State Senate Judiciary Committee approves ‘Libre’s Law’ to fight animal cruelty

HARRISBURG – The Senate Judiciary Committee took action Tuesday afternoon to protect animals throughout Pennsylvania against abuse and neglect, according to Senator Rich Alloway II (R-33), who championed the measure.

House Bill 1238, the Animal Abuse Statute Overhaul, would make it easier to prosecute a person who knowingly mistreats, abuses or neglects an animal. It also adds a new classification for offenders who cause the death or serious bodily injury of an animal. Violators could be found guilty of a third-degree felony.

Libre’s Law was introduced in 2016 by Senator Alloway in honor of a 4-month-old Boston terrier who was rescued last year from a Lancaster County farm after suffering from weeks of severe neglect. The Senate approved Alloway’s version of the bill in April.

“Libre’s inspirational story of recovery captivated animal protection advocates all over the world, but there are many animals like him that are still out there suffering due to abuse and abandonment,” Alloway said. “Passing Libre’s Law will help us hold animal abusers accountable for their actions and create punishments that fit the truly heinous nature of these crimes.”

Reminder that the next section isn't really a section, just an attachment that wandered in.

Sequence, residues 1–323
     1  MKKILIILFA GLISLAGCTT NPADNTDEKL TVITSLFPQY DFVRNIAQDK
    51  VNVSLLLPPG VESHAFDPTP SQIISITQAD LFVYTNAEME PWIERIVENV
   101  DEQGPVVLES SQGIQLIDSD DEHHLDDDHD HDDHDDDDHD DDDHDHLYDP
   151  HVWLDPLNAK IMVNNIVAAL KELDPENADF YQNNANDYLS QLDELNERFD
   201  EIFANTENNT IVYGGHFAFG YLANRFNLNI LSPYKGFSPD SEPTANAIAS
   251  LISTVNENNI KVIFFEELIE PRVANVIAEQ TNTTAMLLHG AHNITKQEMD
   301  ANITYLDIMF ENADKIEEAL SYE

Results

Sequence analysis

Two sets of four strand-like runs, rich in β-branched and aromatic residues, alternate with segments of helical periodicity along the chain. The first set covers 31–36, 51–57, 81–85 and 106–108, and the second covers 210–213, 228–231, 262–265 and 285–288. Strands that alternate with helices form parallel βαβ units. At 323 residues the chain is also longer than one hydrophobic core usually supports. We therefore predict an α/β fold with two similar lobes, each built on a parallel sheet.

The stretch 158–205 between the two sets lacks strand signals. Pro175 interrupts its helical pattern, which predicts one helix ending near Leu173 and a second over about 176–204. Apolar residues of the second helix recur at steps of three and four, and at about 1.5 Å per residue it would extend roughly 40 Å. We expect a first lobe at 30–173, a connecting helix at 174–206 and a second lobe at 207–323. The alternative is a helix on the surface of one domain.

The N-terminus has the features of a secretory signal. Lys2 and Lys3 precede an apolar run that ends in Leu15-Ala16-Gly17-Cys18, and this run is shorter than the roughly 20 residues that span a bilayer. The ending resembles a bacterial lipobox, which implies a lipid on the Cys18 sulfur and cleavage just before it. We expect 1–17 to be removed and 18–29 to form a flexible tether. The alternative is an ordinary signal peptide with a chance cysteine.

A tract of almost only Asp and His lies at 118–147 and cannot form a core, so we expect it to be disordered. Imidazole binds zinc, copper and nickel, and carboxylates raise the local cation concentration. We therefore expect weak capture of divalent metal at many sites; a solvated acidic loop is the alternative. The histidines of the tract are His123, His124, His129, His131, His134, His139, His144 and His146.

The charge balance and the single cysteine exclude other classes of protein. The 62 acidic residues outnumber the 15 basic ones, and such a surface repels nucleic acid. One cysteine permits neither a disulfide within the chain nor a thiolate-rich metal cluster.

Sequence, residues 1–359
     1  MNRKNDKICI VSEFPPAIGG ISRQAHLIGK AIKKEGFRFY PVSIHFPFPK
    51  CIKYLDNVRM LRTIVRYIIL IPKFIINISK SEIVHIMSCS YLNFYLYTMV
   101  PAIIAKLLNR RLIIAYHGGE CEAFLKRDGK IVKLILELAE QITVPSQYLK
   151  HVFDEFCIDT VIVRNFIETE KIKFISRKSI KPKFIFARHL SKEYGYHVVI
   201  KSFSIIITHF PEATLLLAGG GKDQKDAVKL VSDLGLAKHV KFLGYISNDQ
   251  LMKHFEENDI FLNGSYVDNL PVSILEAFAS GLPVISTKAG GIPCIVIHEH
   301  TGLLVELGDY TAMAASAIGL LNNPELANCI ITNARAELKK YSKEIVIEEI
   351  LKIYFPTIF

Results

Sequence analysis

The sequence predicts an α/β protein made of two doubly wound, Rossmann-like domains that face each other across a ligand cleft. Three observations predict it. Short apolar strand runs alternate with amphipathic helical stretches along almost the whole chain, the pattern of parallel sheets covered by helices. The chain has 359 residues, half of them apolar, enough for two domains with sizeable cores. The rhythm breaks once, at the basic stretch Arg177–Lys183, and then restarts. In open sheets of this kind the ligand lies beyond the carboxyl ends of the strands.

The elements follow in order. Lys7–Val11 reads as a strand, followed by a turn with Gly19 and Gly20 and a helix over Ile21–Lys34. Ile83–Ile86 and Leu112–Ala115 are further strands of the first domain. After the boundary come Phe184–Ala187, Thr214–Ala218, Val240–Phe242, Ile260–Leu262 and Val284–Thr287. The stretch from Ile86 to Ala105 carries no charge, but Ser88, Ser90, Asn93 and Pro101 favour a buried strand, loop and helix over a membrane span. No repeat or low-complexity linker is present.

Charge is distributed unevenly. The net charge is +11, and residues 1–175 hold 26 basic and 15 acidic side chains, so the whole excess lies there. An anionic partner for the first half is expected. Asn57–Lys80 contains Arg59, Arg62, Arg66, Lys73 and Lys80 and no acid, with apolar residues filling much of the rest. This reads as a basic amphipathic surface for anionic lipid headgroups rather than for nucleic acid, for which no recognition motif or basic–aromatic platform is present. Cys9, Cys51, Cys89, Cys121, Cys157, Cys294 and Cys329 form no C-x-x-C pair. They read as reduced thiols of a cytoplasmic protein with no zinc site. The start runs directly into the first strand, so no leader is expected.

The legislation also includes language Alloway introduced to prevent dog owners from tethering their pets without access to food, water and shelter. The bill also prohibits tethering during periods of intense heat or cold, as well as other forms of inclement and dangerous weather.

In addition, the bill includes a number of other provisions to protect against animal abuse and neglect, including measures to add horses to Pennsylvania’s animal cruelty laws and provide for the forfeiture of animals in cases of abuse.

House Bill 1238 was sent to the full Senate for consideration.